The Art of Deception: Controlling the Human Element of Security
The Art of Deception – The world’s most infamous hacker offers an insider’s view of the low-tech threats to high-tech security. Kevin Mitnick’s exploits as a cyber-desperado and fugitive form one of the most exhaustive FBI manhunts in history and have spawned dozens of articles, books, films, and documentaries. Since his release from federal prison, in 1998, Mitnick has turned his life around and established himself as one of the most sought-after computer security experts worldwide. Now, in The Art of Deception, the world’s most notorious hacker gives new meaning to the old adage, “It takes a thief to catch a thief.”
Focusing on the human factors involved with information security, Mitnick explains why all the firewalls and encryption protocols in the world will never be enough to stop a savvy grifter intent on rifling a corporate database or an irate employee determined to crash a system. With the help of many fascinating true stories of successful attacks on business and government, he illustrates just how susceptible even the most locked-down information systems are to a slick con artist impersonating an IRS agent.
Narrating from the points of view of both the attacker and the victims, he explains why each attack was so successful and how it could have been prevented in an engaging and highly readable style reminiscent of a true-crime novel. And, perhaps most importantly, Mitnick offers advice for preventing these types of social engineering hacks through security protocols, training programs, and manuals that address the human element of security.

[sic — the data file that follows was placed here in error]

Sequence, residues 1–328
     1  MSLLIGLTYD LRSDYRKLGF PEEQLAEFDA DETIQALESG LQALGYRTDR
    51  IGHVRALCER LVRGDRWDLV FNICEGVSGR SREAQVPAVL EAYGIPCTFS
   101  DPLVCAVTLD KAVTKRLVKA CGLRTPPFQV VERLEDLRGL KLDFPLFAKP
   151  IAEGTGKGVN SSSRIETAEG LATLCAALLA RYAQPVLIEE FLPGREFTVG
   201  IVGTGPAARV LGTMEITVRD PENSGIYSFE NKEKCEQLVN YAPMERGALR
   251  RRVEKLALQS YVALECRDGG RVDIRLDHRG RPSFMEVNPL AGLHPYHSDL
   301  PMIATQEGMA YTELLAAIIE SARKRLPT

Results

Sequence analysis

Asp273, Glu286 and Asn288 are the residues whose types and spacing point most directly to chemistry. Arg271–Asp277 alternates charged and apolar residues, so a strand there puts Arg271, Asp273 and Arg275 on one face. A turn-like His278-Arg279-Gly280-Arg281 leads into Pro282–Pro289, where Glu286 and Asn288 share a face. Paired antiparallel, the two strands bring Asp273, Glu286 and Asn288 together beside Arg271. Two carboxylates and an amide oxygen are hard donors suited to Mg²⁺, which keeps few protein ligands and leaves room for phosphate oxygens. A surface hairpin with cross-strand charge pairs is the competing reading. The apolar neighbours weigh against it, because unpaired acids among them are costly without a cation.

Book Review by J. J. Kwashnak
An interesting look at security’s weak link
Kevin Mitnick has been arguably the most famous computer hacker out there. His story has been told by others in several books. But here Mitnick is not trying to really share his experiences – rather he calls upon his collection of acquaintances and others he knows to illustrate how people can be engineered.
Most of the book is essentially a series of stories of social engineering (getting someone to do what you want without their realizing it) and then some superficial analysis of why it worked. He then tries to synthesize his earlier chapters into a set of practical security precautions, many of which are common sense, and most of which the reader would have already figured out from reading the book. The stories he chooses to share are fairly interesting, both in their daring and setup and in their simplicity.
What this book would be best for would be handing it to a corporate manager and allow him or her a wake up call as to security. As we try to work together, have things automated and available on-line and as our organizations grow the catchword is results, even if you have to bend the rules a bit. This is what the social engineer can exploit. Many of the stories skate along the edge of the law, and Mitnick points out when it would cross into illegal.
While interesting, after a while the book becomes more tedious in structure and what is being said. Still it is very accessible and would be a great book for someone not so familiar with computers and hacking to see how some of it is done. It should serve as a wake-up call for management as to some of the dangers we face every day. And while most of the stories presented are more in the spirit of curiosity, or fun, or revenge, it would be easy to take them up a notch into activities with serious corporate impact.